Where the Crawdads Sing by Delia Owens

Published: 2018 Penguin Random House | Hachette Setting: North Carolina, USA. 1950s – 1970s Genre: Historical Fiction 1. First lines. 2. Cover: Delia Owens 3. Map from inside the book. Own photo. 4. Feathers [Public Domain] via Pixabay
    • Kya Clark lives in the marshlands of North Carolina in the 1950s alone after being abandoned by her family. She survives by foraging in the marshes and selling mussels. In 1969, a young man called Chase Andrews living in the nearby town and known to Kya when they spend some time together, was found dead in the swamp. Police investigate, Kya is charged with his murder, and a trial is held.
    • “The morning burned so August-hot, the marsh’s moist breath hung the oaks and pines with fog. The palmetto patches stood unusually quiet except for the low, slow flap of the heron’s wings lifting from the lagoon.”
    • “Female fireflies draw in strange males with dishonest signals and eat them; mantis females devour their own mates. Female insects, Kya thought, know how to deal with their lovers.”
    • “Go as far as you can – way out yonder where the crawdads sing.” … “Just means far in the bush where critters are wild, still behaving like critters.”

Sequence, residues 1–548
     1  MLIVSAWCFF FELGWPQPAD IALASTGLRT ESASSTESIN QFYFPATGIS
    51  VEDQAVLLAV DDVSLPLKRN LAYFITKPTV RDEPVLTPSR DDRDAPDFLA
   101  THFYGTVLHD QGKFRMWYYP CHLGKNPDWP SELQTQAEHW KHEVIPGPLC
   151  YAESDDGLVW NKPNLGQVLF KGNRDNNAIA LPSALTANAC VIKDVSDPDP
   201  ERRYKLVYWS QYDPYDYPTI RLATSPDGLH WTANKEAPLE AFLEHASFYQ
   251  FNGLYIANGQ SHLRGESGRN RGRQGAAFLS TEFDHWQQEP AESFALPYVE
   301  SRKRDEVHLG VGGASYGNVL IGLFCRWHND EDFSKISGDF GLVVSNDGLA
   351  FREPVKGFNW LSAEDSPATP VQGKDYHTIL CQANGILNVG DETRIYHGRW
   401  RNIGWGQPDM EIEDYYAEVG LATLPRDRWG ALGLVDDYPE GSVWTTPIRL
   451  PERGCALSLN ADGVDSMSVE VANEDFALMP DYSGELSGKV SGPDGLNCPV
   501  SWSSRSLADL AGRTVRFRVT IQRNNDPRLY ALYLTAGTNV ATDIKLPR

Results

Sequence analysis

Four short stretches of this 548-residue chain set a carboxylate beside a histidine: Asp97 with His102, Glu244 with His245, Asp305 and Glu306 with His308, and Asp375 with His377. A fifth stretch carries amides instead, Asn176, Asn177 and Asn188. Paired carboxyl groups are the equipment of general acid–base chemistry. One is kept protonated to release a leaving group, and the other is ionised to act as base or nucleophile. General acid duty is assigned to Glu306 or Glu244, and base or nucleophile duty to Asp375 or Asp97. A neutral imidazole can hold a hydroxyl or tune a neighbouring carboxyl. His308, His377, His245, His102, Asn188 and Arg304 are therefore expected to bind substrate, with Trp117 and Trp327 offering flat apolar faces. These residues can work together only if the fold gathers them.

• This is a story that thoroughly immerses the reader in the setting – the marshlands of North Carolina. The author uses not only detailed descriptions of the setting, but also uses the characters’ thoughts and feelings to impart a sense of place. I particularly loved the way the author described animal mating behaviours relatable to the main character’s thoughts and feelings. The back and forth structure that converges towards the end works well, but I found the ending too neatly tied up. Highly recommended.
    • Guardian: “Though set in the 1950s and 60s, Where the Crawdads Sing is, in its treatment of racial and social division and the fragile complexities of nature, obviously relevant to contemporary politics and ecology. But these themes will reach a huge audience though the writer’s old-fashioned talents for compelling character, plotting and landscape description.”
    • Kirkus: “… the novel’s weaknesses have become apparent: the monochromatic characterization (good boy Tate, bad boy Chase) and implausibilities (Kya evolves into a polymath—a published writer, artist, and poet), yet the closing twist is perhaps its most memorable oddity. Despite some distractions, there’s an irresistible charm to Owens’ first foray into nature-infused romantic fiction.


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